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    2. Sorry, the coverage is still the killer. Even if you could still do simultaneous voice and data, the fact remains that there is only a tiny area of the U.S. where you can use Sprint data AT ALL.

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    3. sprint does support volte, every same sung since note 3 supports it, Im using a note 3 on boost mobile right now with talk and surfing the net at same time. so note 4 note 5 note 7 s6 s7 s5 s8 etc.... all support this as well

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    4. The Sprint network does NOT support VoLTE yet. Sprint concentrated on VoWiFi and HD Voice, and does not even have HD Voice on VoWiFi yet. VoLTE is supposed to roll out "later this year" according to Sprint COO Gunther Ottendorfer.
      They also have to have LTE throughout an area to deploy VoLTE, because there is no voice fallback to 1X.

      Delete
    5. That's incorrect. Sprint doesn't support VoLTE.

      The reason you can talk and surf at the same time is that your Note 3 has separate CDMA and LTE radios. The Note3 and the single band LTE version of the Samsung S4 were the last Sprint Samsung phones with separate CDMA and LTE radios.

      Every current Sprint phone with tri-band LTE has a single radio and can not support simultaneoius voice and cellular data without VoLTE, which Sprint doesn't have.

      Delete
  6. Use FAST.COM for a reliable, honest speedtest. It is owned by Netflix so their customers can get a true speedtest, versus the ISP or even Ookla.

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  7. Sprint is an alternative to the idea of a decent nationwide carrier. It being stuck in the GWB-era outdated CDMA technology is the least of its problems.

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  8. sprint should merge prepaid with virgin mobile and just sell prepaid at its own stores. keep boost seperate, via internet or dealers.
    sprint would make a good , cheaper merger partner for comcast or dish network. otherwise, it is in a very bad position given its very limited coverage area.

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  9. Sprint? Not even once.

    They had a good thing going with RingPlus, as handsets are the only part of Sprint service worth paying for.

    But now that the gravy train's over, Sprint's service is way too overpriced when compared to the quality of its competition.

    Unless they added free voice, text AND data roaming to their prepaid offerings, and also enacted an across-the-board $10 price cut, they still won't have anything of value to offer.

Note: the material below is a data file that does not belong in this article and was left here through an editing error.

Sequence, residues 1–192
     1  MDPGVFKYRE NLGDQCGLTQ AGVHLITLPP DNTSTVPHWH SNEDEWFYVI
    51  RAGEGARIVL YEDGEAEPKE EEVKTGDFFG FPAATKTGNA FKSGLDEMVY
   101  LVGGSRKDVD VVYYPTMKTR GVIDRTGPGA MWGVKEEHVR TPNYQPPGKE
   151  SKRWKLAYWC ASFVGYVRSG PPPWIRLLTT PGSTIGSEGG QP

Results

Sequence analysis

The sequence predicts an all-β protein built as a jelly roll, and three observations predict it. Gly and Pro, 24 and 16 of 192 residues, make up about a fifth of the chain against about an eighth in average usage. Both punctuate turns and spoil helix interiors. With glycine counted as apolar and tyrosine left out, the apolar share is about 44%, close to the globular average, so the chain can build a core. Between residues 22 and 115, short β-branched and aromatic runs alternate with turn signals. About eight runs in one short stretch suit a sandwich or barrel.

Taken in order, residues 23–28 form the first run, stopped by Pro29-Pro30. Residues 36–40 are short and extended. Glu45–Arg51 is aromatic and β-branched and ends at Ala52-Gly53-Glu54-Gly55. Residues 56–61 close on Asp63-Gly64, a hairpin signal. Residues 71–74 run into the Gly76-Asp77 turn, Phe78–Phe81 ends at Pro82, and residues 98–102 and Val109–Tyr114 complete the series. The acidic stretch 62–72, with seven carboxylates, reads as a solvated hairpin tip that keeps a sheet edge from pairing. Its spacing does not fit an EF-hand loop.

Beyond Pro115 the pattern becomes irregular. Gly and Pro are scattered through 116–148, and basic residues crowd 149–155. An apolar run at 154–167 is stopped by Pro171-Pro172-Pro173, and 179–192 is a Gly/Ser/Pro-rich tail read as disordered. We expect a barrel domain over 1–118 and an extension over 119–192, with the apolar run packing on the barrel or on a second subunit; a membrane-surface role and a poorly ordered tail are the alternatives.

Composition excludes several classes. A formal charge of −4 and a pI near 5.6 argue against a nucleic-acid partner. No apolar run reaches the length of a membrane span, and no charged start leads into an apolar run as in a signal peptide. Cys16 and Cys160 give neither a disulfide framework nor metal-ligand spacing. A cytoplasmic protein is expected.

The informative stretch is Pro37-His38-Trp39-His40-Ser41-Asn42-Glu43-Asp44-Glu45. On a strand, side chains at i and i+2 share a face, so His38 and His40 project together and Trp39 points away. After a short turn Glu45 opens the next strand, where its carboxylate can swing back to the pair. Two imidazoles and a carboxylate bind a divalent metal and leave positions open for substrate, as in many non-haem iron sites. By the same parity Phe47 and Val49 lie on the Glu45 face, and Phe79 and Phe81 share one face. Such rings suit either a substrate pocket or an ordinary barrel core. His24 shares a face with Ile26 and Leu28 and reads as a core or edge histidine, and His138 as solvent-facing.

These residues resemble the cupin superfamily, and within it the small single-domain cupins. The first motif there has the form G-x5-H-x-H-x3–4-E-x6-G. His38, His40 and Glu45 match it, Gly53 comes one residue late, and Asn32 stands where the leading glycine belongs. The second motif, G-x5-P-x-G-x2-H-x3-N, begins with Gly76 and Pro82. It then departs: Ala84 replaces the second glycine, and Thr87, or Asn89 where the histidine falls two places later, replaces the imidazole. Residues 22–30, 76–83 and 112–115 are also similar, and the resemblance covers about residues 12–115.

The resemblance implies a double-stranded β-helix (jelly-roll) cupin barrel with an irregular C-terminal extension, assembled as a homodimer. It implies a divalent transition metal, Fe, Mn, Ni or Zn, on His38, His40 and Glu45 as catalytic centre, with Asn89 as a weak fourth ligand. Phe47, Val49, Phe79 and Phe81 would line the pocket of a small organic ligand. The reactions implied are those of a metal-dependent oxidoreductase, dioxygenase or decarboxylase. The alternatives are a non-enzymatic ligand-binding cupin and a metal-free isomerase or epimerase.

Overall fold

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    1. The only way to salvage Sprint now is to sell its towers and transmitters for scrap. and its store signs can be melted down and made into Minion action figures to sell in eBay.

      "Unless they added free voice, text AND data roaming to their prepaid offerings"

      And they are going to put Ferrari engines in Yugo's too...

      Delete
  10. Sprint Prepaid can be a successful complement to the postpaid unlimited plan for subscribers who want the brand name and more services/attention/support. Sprint doesn't have to spend a fortune doing this.
    1. Remove restrictions on the newest phones, which offer the best experience. Offer financing and BYOD, just like postpaid.
    2. Offer limited voice/sms and data roaming, with more optional.
    3. Keep prices under postpaid (incl. taxes), and competitive with T-Mobile. Say $40 for 3 GB and $50 for 5 GB, including taxes and fees.
    4. Stock Prepaid in all Sprint stores, offering up-to-date smartphone choices. Train and compensate sales staff to sell Prepaid to customers who don't need or want postpaid unlimited. They should not give customers an excuse to walk out the door if unlimited isn't a good fit.

    Boost and should expand limited voice/text roaming to iPhones. Data roaming should be optional, to help keep monthly prices low and have another selling point vs. MetroPCS.

    Virgin needs a totally different pricing model and channel strategy to differentiate itself from Boost and Sprint Prepaid. Voice/sms and data roaming should be available, even if it costs extra. They will have to spend some money marketing Virgin again. Sprint paid to move Virgin HQ to the Overland Park HQ area, so they could spending some top management attention on the relaunch. Let's see whether the new Virgin Mobile is more more compelling for some customers.

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  11. I throw Sprint in the trash.

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    1. You are in the tiny minority, along with Sprint trolls who post here.
      According to a report last Nov. from brand reputation tracker YouGov BranIndex, Sprint’s consumer perception rating jumped up 67 percent since the start of September '16. On October 18, YouGov BrandIndex’s figures showed Sprint surpassed the average carrier score for the first time since March 2012.

      As of October 18, Sprint’s Buzz score - which measures whether people have heard anything positive or negative about the brand in the media or from friends – was 13, compared to the average carrier score of 11. By November 2, Sprint’s score had dipped some to 11, but was still on par with the overall carrier rating of 11.

      YouGov BrandIndex said the results were based on interviews with 28,000 adults age 18 and over.
      -Wireless Week

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  12. Sorry, the trash guy is in the majority. Look at consumer choice. How many choose Sprint compared to the better carriers. The difference is remarkable. And this means a lot more than a few cherry-picked reports.

    The tiny coverage footprint of Sprint, the bad situation with CDMA, at the bad situation with unlocking phones and bringing your own device all makes printed very distant fourth choice for people.

    ReplyDelete